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FAU clinical nurse scholar discusses pediatric nursing rewards, challenges

Marion Godin, MSN, RN, FNP-BC, clinical nurse scholar at Florida Atlantic University’s Karen Slattery Educational Research Center for Child Development and adjunct faculty at the university’s Christine E. Lynn College of Nursing, shares her insights as a pediatric nurse and educator with

What was your impetus to become a nurse?

Godin: I wanted to help people and do something that allowed me to work with and connect with people and children. I loved the sciences, so nursing was a natural fit. I had babysat and found there is something fascinating about children. Children are children whether healthy or sick. A child who is ill still has the same wants and goals as other children. I feel drawn to them and have always wanted to work with this population. Working with kids inspires me to be a better person. They are so resilient.
Now with teaching, I am able to share my knowledge and experience with the next generation. I love pediatrics and feel I am able to help so many more children and their families by training future nurses to provide quality, competent care. (My educator role allows me to help) more patients than I could help as an individual.

What was your first exposure of working with preschool children?

Godin: My first peds rotation was at Boston Children’s Hospital. Working with the children was not a problem, because I had a comfort level from babysitting, but the parents were an added element and a challenge. They are nervous and scared. Caring for a child means caring for the family unit. Working with oncology patients at Dana-Farber Cancer Institute in Boston, I saw parents stressed and worried and siblings who developed issues. It showed me you have to focus on family-centered care.

What are the fears of nursing students in working with preschool children?

Godin: The nursing students’ big fear is not knowing how to relate to a child. I spend time discussing ways to approach the children and appropriate language based on their developmental level.

Students must gain an understanding about how much children change in these early preschool years.

The students do not know what to expect. They are afraid the children might be fearful or not want to talk, or be intimidated (with the students assessing them). Students might worry if the children will cry or struggle to participate in the activity.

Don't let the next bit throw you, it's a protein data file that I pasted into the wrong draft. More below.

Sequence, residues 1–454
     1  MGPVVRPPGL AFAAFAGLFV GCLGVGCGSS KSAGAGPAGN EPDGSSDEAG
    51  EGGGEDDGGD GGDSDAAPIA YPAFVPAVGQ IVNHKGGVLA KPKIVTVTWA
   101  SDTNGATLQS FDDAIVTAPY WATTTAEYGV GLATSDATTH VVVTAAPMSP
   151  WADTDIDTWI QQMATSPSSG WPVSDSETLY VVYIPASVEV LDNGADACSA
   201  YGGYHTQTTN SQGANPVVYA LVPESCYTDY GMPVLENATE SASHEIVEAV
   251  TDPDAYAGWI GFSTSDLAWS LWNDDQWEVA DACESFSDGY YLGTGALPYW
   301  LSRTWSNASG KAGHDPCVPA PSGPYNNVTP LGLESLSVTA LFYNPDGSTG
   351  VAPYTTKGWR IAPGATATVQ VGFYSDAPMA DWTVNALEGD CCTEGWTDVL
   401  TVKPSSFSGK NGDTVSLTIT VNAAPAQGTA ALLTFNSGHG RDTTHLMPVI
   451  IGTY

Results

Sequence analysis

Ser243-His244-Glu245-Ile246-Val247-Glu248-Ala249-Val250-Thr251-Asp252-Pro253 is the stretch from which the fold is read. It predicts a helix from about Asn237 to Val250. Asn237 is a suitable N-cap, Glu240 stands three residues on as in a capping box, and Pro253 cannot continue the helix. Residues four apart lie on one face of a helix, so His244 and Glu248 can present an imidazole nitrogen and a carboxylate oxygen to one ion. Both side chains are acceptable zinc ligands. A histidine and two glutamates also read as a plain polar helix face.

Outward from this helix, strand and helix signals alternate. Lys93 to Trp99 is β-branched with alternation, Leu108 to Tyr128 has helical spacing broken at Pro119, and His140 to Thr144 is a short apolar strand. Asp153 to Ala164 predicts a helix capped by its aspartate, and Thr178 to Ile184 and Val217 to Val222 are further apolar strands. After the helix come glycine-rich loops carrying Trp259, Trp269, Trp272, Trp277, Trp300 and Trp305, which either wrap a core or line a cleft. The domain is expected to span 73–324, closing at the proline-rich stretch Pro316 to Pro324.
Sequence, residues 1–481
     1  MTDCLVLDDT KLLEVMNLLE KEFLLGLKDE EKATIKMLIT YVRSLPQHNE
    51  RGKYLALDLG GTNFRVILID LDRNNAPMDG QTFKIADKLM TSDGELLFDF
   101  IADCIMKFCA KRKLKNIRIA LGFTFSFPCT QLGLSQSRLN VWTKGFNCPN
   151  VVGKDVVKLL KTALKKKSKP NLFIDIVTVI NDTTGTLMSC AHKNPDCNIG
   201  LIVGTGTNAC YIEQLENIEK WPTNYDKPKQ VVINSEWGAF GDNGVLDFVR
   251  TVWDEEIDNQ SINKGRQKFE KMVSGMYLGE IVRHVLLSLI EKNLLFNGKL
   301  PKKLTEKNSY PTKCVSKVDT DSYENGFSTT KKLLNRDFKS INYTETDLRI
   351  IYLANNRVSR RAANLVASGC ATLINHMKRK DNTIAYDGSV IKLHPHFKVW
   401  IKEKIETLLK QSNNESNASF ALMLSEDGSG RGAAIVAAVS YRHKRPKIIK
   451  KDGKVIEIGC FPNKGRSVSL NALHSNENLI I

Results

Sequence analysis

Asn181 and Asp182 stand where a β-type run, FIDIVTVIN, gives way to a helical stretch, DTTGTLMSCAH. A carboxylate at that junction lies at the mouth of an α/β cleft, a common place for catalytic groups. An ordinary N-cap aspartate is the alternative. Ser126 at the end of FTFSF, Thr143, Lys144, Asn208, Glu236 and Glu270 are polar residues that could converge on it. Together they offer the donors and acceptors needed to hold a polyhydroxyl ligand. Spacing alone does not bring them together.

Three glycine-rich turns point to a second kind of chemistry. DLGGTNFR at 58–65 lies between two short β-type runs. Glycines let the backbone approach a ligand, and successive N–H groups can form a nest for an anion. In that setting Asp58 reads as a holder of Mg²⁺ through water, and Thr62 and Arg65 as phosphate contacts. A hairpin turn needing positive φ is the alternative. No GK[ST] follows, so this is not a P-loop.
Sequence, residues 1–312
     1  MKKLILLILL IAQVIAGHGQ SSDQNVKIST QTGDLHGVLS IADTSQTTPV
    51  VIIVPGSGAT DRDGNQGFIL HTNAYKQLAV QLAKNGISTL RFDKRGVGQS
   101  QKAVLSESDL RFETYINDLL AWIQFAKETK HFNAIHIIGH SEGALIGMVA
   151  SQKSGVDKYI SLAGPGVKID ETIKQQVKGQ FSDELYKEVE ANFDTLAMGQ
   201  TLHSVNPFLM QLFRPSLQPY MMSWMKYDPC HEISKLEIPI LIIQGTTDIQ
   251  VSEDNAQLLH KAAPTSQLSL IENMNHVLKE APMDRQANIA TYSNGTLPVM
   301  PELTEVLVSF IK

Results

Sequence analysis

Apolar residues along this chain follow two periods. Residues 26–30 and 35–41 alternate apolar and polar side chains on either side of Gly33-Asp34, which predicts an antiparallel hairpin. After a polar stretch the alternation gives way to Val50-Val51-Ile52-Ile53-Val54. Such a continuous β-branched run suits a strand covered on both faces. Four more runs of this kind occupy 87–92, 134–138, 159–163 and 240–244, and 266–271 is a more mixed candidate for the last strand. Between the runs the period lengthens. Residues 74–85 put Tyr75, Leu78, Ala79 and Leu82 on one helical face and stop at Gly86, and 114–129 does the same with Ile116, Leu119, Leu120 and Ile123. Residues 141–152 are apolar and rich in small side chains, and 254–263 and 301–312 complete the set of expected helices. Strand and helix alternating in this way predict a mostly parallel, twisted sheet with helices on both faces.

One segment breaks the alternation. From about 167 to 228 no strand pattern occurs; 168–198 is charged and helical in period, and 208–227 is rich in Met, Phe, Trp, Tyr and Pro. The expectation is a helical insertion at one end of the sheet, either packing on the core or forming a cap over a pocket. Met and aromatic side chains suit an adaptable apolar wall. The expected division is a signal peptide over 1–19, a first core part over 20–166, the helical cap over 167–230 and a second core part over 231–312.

What’s your advice to nursing students who will be working with preschool children for the first time?

Godin: When students come to me, I require them to read about the developmental norms for the age group [they are working with]. I encourage them to be authentically present. Children are a population in which you cannot fake that. You must be fully engaged and want to be there, and the children will respond in a positive manner.

What was the process to develop the collaboration between FAU CON and FAU’s early child development center?

Godin: While in a hospital setting with our students, I realized we needed to provide them with a community experience. I discussed it with our clinical coordinator, Beth King, PhD, RN, PMHCNS-BC, who suggested the Slattery Center. We had an open contract, so it was easy to get started. We are under the same university family. I have been bringing students ever since, for four years. Slattery Center staff members want our nursing students there and teach them about the children and their needs. It has taken a few years to develop a rigorous and rewarding curriculum that structured their learning experiences to meet nursing students’ objectives and use the community health experience. It’s exciting to grow this learning environment.

By | 2015-02-26T00:00:00-05:00 February 26th, 2015|Categories: Regional, South|0 Comments

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